This plays well for the cost reducing implications of several green technologies hitting the market, and highlights a larger market trend for increased energy efficiency in addition to added functionality.
Virtualization’s appeal as a ‘green’ technology lies in its ability to dramatically improve SMBs’ computing resource utilization and performance, reduce infrastructure costs, consolidate physical space, provide an easier and more flexible application deployment mechanism, speed server and application provisioning times, and enhance reliability and uptime by providing organizations with inherent business continuity and disaster recovery functionality. New virtualization solutions from companies like VMware, Microsoft, and Citrix will allow companies of all sizes to take advantage of server and desktop virtualization.

Manufacturer/Vendor Financing Programs Defrost SMB Tech Budgets

As traditional lenders seek to tighten their balance sheets in 2008, an opportunity is rapidly emerging for cash-heavy technology manufacturers and vendors to inject fresh liquidity into IT lending markets by removing lending middlemen and directly offering competitive financing terms on products and services. Such strategies could be applied globally to incubate mature markets, and provide much needed purchasing liquidity to emerging markets as they continue to rapidly expand their IT footprint. Note that Asia-Pacific banks are increasingly being motivated to provide IT financing for SMBs, proving to be a useful means to reach out to the lower tier cities given the banks’ reach. In terms of forecasted demand for such financing from the borrower perspective, this trend is supported with increasing demand for such manufacturer/vendor supplied financing as seen with roughly 16% of SMBs in mature markets, and an even higher percentage in emerging markets, stating that they ‘often’ look for such financing options when making their IT investments.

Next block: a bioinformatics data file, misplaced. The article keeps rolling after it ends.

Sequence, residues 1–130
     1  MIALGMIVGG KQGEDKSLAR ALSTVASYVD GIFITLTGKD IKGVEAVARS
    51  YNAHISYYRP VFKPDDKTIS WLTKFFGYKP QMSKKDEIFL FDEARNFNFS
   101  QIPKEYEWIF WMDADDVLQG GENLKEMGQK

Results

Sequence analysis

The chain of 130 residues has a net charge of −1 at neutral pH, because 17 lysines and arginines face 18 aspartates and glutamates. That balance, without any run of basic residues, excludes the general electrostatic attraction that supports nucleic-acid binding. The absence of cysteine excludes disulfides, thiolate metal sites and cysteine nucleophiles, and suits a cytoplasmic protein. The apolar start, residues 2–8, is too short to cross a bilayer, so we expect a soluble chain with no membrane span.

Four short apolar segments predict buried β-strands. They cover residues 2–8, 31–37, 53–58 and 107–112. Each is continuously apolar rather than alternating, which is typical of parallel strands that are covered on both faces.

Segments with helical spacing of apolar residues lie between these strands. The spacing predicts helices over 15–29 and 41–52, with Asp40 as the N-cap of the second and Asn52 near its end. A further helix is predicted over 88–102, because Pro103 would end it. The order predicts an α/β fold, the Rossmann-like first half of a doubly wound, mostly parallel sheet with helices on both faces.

SaaS will Become a Mainstream SMB Alternative

SaaS isn’t quite a staple for SMBs, but adoption is ramping up. For instance, in 2004, 10% of U.S. small businesses, and 15% of medium businesses used SaaS; in 2007, use jumped to 21% of small and 30% of medium businesses. Pivotal shifts underway will further propel SaaS into the SMB mainstream. First, the growing reality of the "always- on" network helps even small companies that lack servers to take advantage of business solutions. Second, vendors such as ADP and Taleo are combining the benefits of SaaS solutions with business- process services to give SMBs more complete solutions. Third, large, established vendors such as Microsoft, SAP, Google are now in the game, underscoring SaaS viability, and developing ecosystems that will streamline and integrate the SaaS shopping, buying and use experience. As broader adoption of SaaS models become a reality, SaaS vendors will kick partnerships with VARs, retailers, and telcos, as well as financial institutions, direct marketers, business service outsourcers, and other non-traditional IT channels into high gear. In 2008, many of these channel partners will adopt platforms and partner with vendors that enable them to dispense a portfolio of services that SMBs can mix, match and integrate. Although SaaS adoption will accelerate much more rapidly in mature technology markets with pervasive high-speed connectivity, telcos that can assure quality of service and persistent connectivity will provide an on-ramp in emerging markets.

It seems that small businesses are teeing up creative strategies for the long term that can help them . . . well . . . survive the short term.
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William Dorn